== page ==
After running into a hot goalie late last round and being shut out in the opener of the Western Conference final, pressure mounted in the minds of the Vegas Golden Knights in Game 2.
“We were snake-bitten for a while there and think everybody was gripping their stick a little tight,” forward Chandler Stephenson said. “We’re at our best when we have that swagger and we’re making plays and tough to defend. It was nice to get that mojo back tonight and even the series.”
Stastny’s second-period goal was the first by a Vegas forward with an opposing goalie in net in 276:24, dating to Game 4 against Vancouver last round. His and Karlsson’s were the kind of goals the Golden Knights became accustomed to scoring — ones that are difficult or impossible for someone like Anton Khudobin to stop.
WATCH | Golden Knights dominate Stars to win Game 2:
After getting flustered by hot Vancouver Canucks goalie Thatcher Demko and failing to crack Khudobin in a hard-hitting Game 1 that was played at the Stars’ pace, Vegas finally looked like the team that earned the top seed in the West and steamrolled through the first round and halfway through the Vancouver series.
“That first goal relieved a little bit of pressure,” coach Peter DeBoer said. “We got our game back, and I think once we got that first goal, i think we looked like we normally do, which was making plays and finding space and sticking pucks in the net.”
Reaves’ return sets tone
The return of enforcer Ryan Reaves was just one element of that. With Reaves suspended a game for an illegal check to the head, DeBoer didn’t start his physical fourth line as he had in 34 consecutive games since the All-Star break in January.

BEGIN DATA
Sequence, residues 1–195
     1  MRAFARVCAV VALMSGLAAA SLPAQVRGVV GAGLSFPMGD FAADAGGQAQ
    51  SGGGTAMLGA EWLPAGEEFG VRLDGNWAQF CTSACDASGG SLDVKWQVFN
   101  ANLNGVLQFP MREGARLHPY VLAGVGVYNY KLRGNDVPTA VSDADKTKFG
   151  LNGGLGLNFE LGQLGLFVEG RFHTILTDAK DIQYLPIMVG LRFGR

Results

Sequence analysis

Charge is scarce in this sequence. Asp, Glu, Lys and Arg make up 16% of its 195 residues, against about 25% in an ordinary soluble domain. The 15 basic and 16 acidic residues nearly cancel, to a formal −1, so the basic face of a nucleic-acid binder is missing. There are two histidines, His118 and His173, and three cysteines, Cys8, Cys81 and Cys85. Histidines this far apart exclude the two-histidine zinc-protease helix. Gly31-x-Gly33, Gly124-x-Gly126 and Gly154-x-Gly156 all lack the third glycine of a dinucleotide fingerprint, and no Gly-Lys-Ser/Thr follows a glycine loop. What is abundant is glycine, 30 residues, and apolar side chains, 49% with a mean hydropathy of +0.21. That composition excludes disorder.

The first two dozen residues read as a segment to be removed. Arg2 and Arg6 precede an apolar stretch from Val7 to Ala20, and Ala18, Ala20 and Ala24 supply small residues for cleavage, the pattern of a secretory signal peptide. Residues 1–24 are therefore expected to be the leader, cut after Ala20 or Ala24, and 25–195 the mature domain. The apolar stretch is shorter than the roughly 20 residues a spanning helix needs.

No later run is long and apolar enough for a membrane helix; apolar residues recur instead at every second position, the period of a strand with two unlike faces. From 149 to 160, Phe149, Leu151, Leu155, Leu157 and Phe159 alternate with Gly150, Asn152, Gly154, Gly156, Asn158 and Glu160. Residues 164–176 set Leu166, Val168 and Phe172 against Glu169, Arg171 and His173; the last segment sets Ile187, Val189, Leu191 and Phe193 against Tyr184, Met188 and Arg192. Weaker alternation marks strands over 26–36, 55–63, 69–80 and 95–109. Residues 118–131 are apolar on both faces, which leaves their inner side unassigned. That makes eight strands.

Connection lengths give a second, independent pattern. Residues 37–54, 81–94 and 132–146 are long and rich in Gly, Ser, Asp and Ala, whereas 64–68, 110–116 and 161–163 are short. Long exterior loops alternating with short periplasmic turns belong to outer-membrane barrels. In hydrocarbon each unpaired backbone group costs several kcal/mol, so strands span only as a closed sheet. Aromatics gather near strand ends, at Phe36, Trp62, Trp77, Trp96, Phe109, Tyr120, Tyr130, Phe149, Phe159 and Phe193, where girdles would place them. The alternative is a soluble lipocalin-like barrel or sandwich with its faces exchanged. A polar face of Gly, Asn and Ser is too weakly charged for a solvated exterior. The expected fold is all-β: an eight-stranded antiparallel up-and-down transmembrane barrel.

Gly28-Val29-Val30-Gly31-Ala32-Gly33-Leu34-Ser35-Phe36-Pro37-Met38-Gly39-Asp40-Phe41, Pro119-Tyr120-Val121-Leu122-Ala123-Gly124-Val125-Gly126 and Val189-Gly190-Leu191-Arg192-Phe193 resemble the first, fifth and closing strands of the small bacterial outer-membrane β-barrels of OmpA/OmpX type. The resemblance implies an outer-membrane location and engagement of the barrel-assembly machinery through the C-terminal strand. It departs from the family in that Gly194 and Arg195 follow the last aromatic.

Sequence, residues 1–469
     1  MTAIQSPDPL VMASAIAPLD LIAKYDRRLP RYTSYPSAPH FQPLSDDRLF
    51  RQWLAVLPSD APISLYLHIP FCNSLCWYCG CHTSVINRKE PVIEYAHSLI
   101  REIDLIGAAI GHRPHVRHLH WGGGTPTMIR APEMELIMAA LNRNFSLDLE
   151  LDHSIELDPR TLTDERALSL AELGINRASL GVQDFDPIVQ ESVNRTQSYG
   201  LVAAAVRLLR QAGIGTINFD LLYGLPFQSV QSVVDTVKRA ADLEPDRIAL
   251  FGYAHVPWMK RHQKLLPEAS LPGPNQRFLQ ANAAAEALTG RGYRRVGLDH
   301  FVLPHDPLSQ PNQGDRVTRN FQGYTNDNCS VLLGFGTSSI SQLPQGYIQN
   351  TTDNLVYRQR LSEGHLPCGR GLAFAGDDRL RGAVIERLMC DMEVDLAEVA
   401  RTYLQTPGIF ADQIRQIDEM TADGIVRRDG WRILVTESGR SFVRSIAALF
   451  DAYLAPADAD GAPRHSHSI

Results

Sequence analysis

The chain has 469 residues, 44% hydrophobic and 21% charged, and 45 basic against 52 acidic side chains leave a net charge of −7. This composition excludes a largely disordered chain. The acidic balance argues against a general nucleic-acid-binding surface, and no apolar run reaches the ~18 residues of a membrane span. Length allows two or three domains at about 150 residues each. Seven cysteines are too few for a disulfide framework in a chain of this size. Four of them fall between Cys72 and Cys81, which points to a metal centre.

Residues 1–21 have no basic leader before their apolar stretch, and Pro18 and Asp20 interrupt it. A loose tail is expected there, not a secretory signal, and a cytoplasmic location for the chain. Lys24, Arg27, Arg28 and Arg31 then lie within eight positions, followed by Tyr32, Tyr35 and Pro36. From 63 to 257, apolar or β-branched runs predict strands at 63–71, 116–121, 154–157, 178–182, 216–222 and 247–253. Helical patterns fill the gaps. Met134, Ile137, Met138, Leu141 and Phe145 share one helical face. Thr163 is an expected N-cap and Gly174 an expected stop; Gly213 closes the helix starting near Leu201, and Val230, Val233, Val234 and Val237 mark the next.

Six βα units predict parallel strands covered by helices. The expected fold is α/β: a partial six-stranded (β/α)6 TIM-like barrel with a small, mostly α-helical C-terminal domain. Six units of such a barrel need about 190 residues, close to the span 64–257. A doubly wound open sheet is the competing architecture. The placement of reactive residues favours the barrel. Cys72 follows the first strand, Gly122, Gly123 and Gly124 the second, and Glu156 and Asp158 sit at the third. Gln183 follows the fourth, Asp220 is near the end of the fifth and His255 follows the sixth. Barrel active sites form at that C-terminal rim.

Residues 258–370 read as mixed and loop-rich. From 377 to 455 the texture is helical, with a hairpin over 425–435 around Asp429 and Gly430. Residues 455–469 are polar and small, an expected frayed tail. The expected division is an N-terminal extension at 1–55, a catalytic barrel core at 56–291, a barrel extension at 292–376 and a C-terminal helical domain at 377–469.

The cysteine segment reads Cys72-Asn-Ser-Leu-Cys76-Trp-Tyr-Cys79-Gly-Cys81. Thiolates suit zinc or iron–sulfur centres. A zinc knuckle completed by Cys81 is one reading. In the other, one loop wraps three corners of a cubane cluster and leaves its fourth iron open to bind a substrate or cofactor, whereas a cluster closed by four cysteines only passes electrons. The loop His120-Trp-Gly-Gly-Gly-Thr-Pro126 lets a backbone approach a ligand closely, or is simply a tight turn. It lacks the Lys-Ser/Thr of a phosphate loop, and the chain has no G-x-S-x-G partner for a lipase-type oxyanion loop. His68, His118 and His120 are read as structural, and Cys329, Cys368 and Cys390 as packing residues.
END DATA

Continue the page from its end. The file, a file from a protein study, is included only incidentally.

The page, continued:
William Carrier, Nosek and Reaves started and came out hitting. Reaves hit Dallas captain Jamie Benn twice in the first 30 seconds, and the Golden Knights dictated the physicality the way the Stars did two nights earlier.
DeBoer believes Reaves and Carrier set the tone because “they start on time” and are ready to play. The Stars found that out quick.
“We expected them to come out hard and respond,” centre Tyler Seguin said. “They’re a great hockey team.”
After no goals in the first period, Stastny scored on a redirection in front from Max Pacioretty. With the agitating Stars winger in the penalty box minutes later, Karlsson scored on the power play with Mark Stone sliding in front to screen Khudobin.
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Defenceman Shea Theodore, the only Vegas player to beat Demko in the final three games of that series, was in some pain on the bench early in the second after losing an edge, and it appeared he scored on the power play to make it 3-0. Dallas coach Rick Bowness successfully challenged for goalie interference to waive it off, but Nosek finished off a perfect tic-tac-toe passing play later in the period to give the Golden Knights the three-goal lead for real.
“I think we hung on in the first,” Stars winger Mattias Janmark said. “Eventually when you’re on your heels, you’re going to get scored on and we did, and they kept rolling. They were in charge all game.”
Allowing three goals on 27 shots and Vegas’ 27-12 domination in pucks on net was enough for the Stars staff to pull Khudobin at the second intermission. Rookie Jake Oettinger made his NHL debut in the third and didn’t face a shot until more than 11 minutes in.
Much like Game 1, in which Vegas was the better team in the third, Dallas turned the tables in the final period Tuesday but couldn’t score, let alone come back. Lehner’s shutout was his fourth of the playoffs, and he has not allowed a goal in more than 131 minutes.
“We out-competed them today and played a hell of a game, so it made it a little easier for me,” Lehner said. “I feel pretty good right now.”